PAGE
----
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The sun never sets on the Jaipur Literature Festival

The sun never sets on the Jaipur Literature Festival

The sun never sets on the Jaipur Literature Festival
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By Lavina Melwani  Sept 27, 2019 9:00:53 PM IST (Updated)

That there is a hunger out there for books and authors was seen at the opening reception at DAG Gallery in New York where it was a packed social and cultural event.

If you can’t go to the Jaipur Literature Festival (JLF), the festival comes to you with its travelling caravan of writers, poets and raconteurs. It is good news for the many disaporic communities that this wandering festival now comes to New York, Boulder, Colorado and its latest stop is Toronto, Canada. It is worth noting that even in a digital world, the Kingdom of Books is surviving – and expanding. The JLF, which is India’s unique tribute to the written word came to New York for the third year running and also to Boulder, Colorado. Book lovers will be happy to know that plans are afoot to take the festival to California.

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As Namita Gokhale, co-founder of the festival puts it, the sun doesn’t seem to set on the JLF literary empire or enterprise since it exists from India to Europe to the US: “The advantage is that you have writers speaking to each other from very different parts of the world, and from very different linguistic cultures and from different literary traditions. And every time we go to a new place, we remain rooted, and yet very cosmopolitan.”
Hunger for books
That there is a hunger out there for books and authors was seen at the opening reception at DAG Gallery in New York where it was a packed social and cultural event. The key points were the book launch for Anupam Kher’s biography and William Dalrymple’s latest book, The Anarchy, on the rise and significance of the East India Company.
Kher whose book Lessons Life Taught Me, Unknowingly was launched by the artist Madhvi Parekh, actor Manisha Koirala and CG Sandeep Chakravorty, spoke about his life in the US, “I meet a lot of people and if I feel lost, I stop near an Indian and I take a picture with him! Every Indian has the most successful, amazing story in the city. My next book is going to be about Indians in America, whether they are cab drivers, whether they are successful entrepreneurs -- everybody has a story. And everybody has a story which can be made into a beautiful film, especially about the first generation. My only request to you all is tell your stories to your children.”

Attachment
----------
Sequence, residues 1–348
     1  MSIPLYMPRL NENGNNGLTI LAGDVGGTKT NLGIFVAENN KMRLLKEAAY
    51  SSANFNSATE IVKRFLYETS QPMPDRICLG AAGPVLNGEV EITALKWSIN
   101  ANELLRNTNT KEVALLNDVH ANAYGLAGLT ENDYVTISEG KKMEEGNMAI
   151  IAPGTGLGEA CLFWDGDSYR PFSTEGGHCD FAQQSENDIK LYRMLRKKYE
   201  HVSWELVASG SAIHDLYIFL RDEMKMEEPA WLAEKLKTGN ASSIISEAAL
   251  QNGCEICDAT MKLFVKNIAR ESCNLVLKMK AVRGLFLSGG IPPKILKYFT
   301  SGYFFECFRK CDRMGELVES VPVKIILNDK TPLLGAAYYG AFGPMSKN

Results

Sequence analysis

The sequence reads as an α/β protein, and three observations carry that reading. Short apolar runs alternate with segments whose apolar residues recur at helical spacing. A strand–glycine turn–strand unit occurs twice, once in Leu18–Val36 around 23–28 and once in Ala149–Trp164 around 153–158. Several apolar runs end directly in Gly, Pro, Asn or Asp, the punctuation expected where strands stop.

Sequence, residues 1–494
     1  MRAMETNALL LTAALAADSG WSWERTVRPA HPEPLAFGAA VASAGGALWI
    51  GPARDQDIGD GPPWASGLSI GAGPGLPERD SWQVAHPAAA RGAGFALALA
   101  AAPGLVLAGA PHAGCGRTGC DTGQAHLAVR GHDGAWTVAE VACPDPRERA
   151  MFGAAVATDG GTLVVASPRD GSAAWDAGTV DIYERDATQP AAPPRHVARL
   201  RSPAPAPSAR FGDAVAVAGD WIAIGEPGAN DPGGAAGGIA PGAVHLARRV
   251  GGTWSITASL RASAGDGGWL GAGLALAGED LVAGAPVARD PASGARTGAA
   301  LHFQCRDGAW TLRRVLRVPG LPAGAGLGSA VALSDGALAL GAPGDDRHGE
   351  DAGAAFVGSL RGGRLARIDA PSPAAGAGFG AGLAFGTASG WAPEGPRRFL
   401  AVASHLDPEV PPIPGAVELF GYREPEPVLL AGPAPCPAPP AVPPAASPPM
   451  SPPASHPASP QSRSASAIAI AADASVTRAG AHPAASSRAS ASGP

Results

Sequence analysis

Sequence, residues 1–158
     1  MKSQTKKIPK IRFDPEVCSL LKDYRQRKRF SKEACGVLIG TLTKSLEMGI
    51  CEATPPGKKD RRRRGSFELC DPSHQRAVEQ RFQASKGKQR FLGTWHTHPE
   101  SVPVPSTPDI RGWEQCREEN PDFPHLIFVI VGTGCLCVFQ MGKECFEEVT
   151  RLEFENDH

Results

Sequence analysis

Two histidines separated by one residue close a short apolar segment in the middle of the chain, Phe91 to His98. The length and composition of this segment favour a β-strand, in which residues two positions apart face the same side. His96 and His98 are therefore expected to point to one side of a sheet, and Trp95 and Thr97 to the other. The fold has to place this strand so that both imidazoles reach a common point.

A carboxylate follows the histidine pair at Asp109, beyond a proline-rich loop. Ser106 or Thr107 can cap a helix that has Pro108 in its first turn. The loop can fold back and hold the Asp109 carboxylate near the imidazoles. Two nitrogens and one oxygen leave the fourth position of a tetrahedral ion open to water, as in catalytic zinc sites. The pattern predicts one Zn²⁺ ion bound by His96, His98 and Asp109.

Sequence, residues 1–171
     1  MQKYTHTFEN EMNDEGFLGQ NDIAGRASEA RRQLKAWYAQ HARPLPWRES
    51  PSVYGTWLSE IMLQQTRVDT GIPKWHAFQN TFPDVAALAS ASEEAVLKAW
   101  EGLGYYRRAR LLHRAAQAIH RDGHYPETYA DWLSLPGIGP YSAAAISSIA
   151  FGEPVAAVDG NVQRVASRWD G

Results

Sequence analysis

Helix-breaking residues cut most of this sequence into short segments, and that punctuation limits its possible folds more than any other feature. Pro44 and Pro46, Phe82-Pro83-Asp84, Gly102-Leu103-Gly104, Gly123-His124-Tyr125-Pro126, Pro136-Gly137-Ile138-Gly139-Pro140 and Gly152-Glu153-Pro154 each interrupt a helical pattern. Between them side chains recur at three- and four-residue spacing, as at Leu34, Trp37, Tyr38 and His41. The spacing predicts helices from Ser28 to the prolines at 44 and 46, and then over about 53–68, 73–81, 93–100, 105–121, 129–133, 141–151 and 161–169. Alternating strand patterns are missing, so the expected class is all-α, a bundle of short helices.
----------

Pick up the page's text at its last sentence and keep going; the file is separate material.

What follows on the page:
Anupam Kher with Manisha Koirala and Dulari Kher. Photo: Siraj Huda.
William Dalrymple talked about his latest book ‘The Anarchy’ which has almost a contemporary touch to it – as he noted, “India was not conquered by the British per se – it was conquered by a single rogue multinational corporation founded in an office block, five windows wide. In its hundred years of history the company only employed 132 fulltime employees. Yet the skeleton staff undertook one of the most extraordinary corporate coups in history.”
People from all walks of life were at the reception and many turned up the next morning for the opening of JLF at Asia Society which has been its partner from the start.
East-west musical dialogue
The JLF began with a robust east-west musical dialogue with Utsav Lal, Raga and Jazz pianist and guitarist Alec Goldfarb. This was followed by the inaugural address aptly titled Each other’s Stories with Ambassador Sandeep Chakrovorty, Consul General of India in New York, JLF’s co-founders Sanjoy K Roy, and William Dalrymple, introduced by Tom Nagorski, Executive Vice President, Programming, Asia Society.
Privamvada Natarajan and Sree Sreenivasan. Photo: Asia Society